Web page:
The survey reveals…
The latest Confederation of British Industry (CBI) Industrial Trends Survey spells more good news for UK manufacturers, but increasing costs cast a shadow over the horizon.
The survey of over 400 manufacturers showed that their order books were at more than a two-year high, going up to the very positive levels we saw earlier this year. Output growth also increased the most for three and a half years, showing impressive growth over the last quarter and strong demand for exports. Manufacturers are confident that production levels will continue to rise.
However, pricing pressures remain; the industry predicts a considerable increase in selling prices, although cost pressures are not as high as they were in February when we saw a significant spike.
David Kerns, commercial development lead for Halo Financial and said: “It’s great to see strong demand for UK manufacturing output and continued growth in the sector, both throughout the UK and overseas.”
“However, rising cost pressures are likely to have notable knock-on effects on the industry’s growth if they continue at the current pace.”
“UK manufacturers, importers and exporters need to look at their business models and overall strategy to identify any savings that may serve to counteract rising prices.”
“The effects of volatile currency markets on costs at every stage of the chain should also be considered carefully and an international payments strategy assessed for cost efficiencies.”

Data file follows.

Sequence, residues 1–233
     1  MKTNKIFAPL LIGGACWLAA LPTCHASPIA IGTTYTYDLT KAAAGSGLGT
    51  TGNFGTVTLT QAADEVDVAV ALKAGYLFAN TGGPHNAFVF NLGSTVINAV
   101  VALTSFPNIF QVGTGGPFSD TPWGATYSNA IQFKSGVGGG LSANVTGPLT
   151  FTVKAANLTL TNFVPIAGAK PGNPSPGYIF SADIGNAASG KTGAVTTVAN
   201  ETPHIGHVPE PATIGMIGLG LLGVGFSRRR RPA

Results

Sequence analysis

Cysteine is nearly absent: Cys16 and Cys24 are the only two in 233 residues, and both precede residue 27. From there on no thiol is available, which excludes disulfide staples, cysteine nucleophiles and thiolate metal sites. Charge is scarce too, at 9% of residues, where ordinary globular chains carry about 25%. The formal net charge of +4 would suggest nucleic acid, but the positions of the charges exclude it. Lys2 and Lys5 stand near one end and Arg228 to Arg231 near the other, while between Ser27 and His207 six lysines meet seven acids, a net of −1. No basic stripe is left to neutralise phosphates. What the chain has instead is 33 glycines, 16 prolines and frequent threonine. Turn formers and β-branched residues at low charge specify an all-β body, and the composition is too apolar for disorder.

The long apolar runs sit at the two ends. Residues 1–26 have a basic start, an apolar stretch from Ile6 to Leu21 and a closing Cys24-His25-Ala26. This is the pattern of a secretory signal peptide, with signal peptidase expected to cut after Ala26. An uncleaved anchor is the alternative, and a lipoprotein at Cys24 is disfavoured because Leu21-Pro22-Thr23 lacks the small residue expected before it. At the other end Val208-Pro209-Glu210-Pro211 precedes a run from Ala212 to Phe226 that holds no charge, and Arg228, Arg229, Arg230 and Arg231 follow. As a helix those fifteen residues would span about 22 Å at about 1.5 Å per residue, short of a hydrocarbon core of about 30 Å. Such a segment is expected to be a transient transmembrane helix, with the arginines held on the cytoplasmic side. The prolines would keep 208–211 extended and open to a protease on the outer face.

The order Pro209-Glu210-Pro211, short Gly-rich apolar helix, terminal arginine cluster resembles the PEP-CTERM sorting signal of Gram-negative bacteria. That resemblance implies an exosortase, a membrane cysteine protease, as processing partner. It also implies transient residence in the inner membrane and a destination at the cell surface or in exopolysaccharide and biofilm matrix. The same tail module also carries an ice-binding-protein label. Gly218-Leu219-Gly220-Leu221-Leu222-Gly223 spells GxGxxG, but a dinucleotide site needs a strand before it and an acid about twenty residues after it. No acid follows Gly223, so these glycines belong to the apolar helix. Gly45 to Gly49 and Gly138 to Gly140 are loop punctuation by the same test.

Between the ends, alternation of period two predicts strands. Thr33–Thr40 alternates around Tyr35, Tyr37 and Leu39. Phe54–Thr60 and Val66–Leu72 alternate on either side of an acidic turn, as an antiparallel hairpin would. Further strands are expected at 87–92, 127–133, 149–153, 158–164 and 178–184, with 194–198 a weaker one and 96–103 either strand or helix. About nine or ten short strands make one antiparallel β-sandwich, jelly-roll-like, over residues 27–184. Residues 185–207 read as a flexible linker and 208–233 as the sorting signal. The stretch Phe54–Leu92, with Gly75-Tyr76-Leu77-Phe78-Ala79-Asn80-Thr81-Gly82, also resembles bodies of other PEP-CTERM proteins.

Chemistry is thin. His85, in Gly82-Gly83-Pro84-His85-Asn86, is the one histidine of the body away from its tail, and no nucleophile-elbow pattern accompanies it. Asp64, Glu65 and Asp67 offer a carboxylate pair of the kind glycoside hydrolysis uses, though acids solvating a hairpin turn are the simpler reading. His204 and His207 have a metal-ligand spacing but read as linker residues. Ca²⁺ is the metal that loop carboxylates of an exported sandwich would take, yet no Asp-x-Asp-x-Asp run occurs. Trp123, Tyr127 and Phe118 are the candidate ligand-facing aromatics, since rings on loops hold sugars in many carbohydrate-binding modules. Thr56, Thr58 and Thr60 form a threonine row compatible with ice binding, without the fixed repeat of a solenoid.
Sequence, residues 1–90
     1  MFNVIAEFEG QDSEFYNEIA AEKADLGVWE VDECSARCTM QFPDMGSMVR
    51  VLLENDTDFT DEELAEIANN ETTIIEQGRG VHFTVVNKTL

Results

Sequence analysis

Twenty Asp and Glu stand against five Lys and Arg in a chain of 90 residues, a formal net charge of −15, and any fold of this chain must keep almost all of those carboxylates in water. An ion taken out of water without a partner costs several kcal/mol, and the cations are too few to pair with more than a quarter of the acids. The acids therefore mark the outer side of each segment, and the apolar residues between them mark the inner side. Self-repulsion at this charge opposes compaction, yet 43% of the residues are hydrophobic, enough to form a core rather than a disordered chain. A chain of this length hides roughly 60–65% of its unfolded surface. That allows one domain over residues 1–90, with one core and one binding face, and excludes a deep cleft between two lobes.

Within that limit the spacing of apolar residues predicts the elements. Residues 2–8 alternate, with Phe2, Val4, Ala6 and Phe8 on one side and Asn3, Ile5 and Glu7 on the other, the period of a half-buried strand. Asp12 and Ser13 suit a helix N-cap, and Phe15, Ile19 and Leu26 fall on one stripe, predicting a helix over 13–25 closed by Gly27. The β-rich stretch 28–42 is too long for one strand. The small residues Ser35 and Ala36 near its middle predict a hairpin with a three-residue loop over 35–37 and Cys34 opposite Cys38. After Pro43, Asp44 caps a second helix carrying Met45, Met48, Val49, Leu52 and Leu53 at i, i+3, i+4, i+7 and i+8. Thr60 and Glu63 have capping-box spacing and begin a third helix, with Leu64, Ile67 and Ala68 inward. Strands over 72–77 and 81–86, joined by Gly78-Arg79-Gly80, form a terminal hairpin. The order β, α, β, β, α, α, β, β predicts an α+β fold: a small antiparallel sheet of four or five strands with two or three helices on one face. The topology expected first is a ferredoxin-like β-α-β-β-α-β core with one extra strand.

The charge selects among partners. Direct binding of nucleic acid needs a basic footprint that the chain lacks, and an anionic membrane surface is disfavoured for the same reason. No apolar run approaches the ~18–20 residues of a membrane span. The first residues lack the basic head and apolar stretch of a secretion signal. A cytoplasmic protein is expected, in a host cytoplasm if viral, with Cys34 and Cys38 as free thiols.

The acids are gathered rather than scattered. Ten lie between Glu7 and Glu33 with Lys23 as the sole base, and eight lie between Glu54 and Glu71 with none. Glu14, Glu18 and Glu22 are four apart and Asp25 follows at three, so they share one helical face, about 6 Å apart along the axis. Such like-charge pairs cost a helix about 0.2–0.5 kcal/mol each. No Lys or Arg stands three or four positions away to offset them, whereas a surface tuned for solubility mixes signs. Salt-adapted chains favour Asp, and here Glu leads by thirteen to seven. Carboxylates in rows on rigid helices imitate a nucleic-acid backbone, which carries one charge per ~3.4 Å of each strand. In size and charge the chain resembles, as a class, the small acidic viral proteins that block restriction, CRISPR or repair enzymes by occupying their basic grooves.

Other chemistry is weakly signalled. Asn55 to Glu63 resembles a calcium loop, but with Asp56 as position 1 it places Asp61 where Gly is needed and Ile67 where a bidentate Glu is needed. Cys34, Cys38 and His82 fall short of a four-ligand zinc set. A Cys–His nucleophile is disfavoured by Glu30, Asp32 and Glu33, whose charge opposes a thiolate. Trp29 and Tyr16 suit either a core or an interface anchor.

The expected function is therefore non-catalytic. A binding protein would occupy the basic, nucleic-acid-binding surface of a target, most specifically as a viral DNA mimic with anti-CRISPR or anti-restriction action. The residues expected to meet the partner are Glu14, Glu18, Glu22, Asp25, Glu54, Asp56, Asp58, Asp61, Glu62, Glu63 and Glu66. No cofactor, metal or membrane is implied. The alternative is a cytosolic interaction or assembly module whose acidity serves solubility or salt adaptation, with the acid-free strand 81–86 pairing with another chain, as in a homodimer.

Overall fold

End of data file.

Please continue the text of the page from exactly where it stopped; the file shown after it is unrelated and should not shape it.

Neil Lloyd, sales director at FBC Manby Bowdler,welcomed the results and said: “This report is most welcome and provides further evidence that UK manufacturing is performing strongly.”
“The story of strengthening order books and strong output growth mirrors what our clients are telling us. However, inflation and fluctuating currencies remain a challenge, I think, for the foreseeable future.”
Atul Kariya, national sector head for manufacturing and engineering at MHA MacIntyre Hudson, said: “This is all very positive news; and it’s reassuring to see strong demand, robust order books and increasing output growth once again.”
The cost pressures are no surprise as they have been building for some time, as we have counselled before, and show no signs of slowing down. The challenge for manufacturers now is how to deal with these rising costs and is it better for the business to take the hit or to pass them on to customers?”
Kariya added, “Inflationary pressures and the increasing concerns over skills and labour shortages in the industry are the clouds we can see looming on the horizon. These challenges need to be factored in to business plans as soon as possible to mitigate the associated risks on business growth and profitability.”